I Can’t Breathe!

By Pastor Sonya D. McAuley-Allen

Pastor Sonya D. McAuley-Allen

The Rev. Melissa N. McQueen, Many Voices’ North Carolina Faith Organizer, asked powerful ministers to share their wisdom on urgent issues of justice for a new era of challenge and opposition. Throughout American history, sermons by visionary ministers have long played a powerful role in the fight for justice. Intentionally bold and thought-provoking, these especially commissioned sermons embody the spirit of resistance found in truly revolutionary rhetoric. Each sermon represents the sole view of the minister who composed it. For the ninth entry in our Revolutionary Rhetoric series, we feature Pastor Sonya D. McAuley-Allen’s lyrical sermon on the importance of life and breath in an age of police brutality.

The video footage is stark. It shows Eric Garner, a 43-year-old unarmed African American man, being wrestled violently to the ground by New York City police officers on July 17, 2014 in Staten Island.

One of the officers named Daniel Pantaleo places Garner in a chokehold, a hostile act that the NYPD expressly forbade its officers to do. Eleven times, over and over again, we hear Garner saying the following chilling words while being assaulted on the sidewalk by the police:

Eventually, Garner had a heart attack while being transported to the hospital and he died. Garner’s alleged killing at the hands of police became yet another rallying cry for the Black Lives Matter movement against police brutality. His pleading, haunting last words—I can’t breathe—still express our deepest spiritual and physical pain.

Many of us take our breathing for granted. I mean really: how often do you pay attention to something that seems to come so naturally.

We do, however, pay attention to our breathing when it becomes compromised.

Others pay attention to our breathing when it becomes compromised in their presence too.

And we all pay attention to breathing when it becomes compromised at the hands of someone else.

In Genesis 2:7, breathing begets human life itself: “Then the LORD God formed the man from the dust of the ground. God breathed the breath of life into the man’s nostrils, and the man became a living person.”

It’s powerful imagery because breathing is the work of God and from God’s work we are gifted to live.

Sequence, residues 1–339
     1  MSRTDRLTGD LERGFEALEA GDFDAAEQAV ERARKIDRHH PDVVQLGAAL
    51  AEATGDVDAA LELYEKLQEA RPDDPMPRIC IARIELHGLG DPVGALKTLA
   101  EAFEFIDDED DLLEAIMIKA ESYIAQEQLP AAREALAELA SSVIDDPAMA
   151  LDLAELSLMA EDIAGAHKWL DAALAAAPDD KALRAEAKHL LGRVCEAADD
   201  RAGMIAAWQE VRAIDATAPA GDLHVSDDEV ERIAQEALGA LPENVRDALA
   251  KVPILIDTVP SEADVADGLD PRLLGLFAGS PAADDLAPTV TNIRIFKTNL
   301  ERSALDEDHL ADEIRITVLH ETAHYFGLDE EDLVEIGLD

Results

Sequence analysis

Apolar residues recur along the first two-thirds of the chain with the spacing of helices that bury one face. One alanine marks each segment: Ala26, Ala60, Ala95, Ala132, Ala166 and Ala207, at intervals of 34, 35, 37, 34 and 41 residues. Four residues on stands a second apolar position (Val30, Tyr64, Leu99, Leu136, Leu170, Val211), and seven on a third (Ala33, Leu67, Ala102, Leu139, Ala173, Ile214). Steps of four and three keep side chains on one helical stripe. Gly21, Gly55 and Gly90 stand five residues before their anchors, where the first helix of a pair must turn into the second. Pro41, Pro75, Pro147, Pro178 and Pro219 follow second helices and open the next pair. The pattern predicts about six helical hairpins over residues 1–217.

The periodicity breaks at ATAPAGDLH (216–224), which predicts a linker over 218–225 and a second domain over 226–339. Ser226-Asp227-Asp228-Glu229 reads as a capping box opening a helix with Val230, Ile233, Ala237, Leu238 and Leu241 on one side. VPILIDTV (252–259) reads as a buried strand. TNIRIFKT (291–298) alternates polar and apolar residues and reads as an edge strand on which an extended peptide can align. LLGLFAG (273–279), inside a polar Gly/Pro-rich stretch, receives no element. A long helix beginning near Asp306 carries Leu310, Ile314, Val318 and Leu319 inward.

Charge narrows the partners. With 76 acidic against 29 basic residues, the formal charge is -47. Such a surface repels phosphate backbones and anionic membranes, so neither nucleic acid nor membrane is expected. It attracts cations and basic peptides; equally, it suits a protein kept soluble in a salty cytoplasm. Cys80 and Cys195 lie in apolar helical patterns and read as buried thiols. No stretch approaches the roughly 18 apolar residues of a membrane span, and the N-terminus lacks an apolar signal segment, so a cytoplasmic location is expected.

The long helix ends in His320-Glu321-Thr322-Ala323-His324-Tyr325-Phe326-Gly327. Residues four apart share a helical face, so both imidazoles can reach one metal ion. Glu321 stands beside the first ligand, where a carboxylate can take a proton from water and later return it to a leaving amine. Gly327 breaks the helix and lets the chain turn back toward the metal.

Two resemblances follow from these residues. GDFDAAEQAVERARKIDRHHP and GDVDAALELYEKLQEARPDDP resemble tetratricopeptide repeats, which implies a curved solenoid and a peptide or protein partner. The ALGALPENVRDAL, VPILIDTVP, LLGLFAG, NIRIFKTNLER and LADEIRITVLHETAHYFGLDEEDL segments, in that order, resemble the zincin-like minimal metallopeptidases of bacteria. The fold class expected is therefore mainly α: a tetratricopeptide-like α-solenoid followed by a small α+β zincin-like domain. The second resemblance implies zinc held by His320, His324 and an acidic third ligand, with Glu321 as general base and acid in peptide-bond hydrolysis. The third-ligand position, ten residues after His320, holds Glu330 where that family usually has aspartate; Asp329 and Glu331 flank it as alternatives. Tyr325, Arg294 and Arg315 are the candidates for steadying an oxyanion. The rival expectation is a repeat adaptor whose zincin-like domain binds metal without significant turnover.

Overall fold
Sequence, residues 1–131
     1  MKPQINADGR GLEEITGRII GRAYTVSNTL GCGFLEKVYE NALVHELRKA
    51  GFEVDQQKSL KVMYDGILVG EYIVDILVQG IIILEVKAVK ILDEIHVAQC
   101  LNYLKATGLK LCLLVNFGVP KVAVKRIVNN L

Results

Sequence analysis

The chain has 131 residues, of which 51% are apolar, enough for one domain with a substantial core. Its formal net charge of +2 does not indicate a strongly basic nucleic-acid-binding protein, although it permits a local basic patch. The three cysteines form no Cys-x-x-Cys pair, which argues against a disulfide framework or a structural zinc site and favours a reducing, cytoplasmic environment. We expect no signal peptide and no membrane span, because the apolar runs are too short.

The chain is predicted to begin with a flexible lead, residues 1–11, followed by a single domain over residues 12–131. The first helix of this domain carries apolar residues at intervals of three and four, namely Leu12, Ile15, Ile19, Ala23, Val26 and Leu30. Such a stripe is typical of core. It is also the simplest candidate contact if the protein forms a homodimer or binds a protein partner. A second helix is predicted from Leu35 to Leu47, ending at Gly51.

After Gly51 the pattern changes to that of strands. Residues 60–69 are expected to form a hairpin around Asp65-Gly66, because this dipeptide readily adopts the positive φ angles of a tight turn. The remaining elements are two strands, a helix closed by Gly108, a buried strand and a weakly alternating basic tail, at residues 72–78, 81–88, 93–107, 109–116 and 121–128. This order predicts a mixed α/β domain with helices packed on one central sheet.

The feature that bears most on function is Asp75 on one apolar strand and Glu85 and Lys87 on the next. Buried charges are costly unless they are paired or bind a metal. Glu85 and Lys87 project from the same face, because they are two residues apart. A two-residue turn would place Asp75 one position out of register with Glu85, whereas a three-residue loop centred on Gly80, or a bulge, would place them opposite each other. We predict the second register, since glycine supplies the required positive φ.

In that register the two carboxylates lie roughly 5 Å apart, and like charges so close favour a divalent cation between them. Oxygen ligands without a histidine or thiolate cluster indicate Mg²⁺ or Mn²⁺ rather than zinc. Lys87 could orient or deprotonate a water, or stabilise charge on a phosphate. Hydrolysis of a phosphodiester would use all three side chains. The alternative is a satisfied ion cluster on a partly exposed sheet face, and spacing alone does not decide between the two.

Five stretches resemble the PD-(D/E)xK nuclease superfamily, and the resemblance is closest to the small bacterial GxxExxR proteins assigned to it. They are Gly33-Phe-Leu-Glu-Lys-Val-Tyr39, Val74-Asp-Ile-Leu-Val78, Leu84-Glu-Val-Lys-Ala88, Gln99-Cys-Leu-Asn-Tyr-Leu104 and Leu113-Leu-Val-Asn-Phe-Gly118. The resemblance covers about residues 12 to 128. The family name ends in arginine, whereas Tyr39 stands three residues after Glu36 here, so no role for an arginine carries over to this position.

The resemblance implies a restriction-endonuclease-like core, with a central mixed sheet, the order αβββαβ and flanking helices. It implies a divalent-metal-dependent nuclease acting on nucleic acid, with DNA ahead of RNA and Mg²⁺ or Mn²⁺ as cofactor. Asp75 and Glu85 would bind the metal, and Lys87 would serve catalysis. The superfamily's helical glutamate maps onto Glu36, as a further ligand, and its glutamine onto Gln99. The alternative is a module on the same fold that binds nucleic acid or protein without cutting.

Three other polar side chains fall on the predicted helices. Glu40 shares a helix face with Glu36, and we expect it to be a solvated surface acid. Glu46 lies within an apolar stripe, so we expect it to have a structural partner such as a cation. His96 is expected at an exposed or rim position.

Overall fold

God’s work.

God’s gift.

And that life, whether its riddled with poor choices, sick, wealthy, ordinary, or unassuming—it’s still ours because God breathed life into us.

Garner’s death and the killing of many black people at the hands of law enforcement force us to confront the preciousness of God’s work and God’s gift.

At the same time, these killings show that we have much work to do within our own communities.

How many times have we compromised the gift of God because of our own insecurities?

How many times have we compromised the life of our community because we just didn’t want to be inconvenienced?

How many times have we compromised the life of someone else simply because they challenged what we think are our biblical notions of gender, race, or sexuality?

How many times have we compromised the life of people simply because we didn’t understand or want to understand them?

I Corinthians 12:26 says that when part of the body is hurting, then the whole body is hurting.

Saints, hear our brothers and sisters!

Hear our enemies!

Hear our communities!

Hear our own muffled sounds of desperation!

For to come in the name of the Lord with anything other than God’s love and compassion is compromising God’s gift to me, which is my life!

Thus, will I continue to suffer or will you let me breathe?

About Pastor Sonya D. McAuley-Allen:

Pastor Sonya D. McAuley-Allen is the Interim Pastor at South End Presbyterian Church in Charlotte, NC. Rev. McAuley-Allen believes as we connect, we inspire; as we inspire, we grow; and as we grow, we change. Feel free to connect and grow with her on Facebook and Instagram.

Questions, comments, or concerns? Feel free to contact Many Voices | A Black Church Movement for Gay & Transgender Justice at info@manyvoices.org.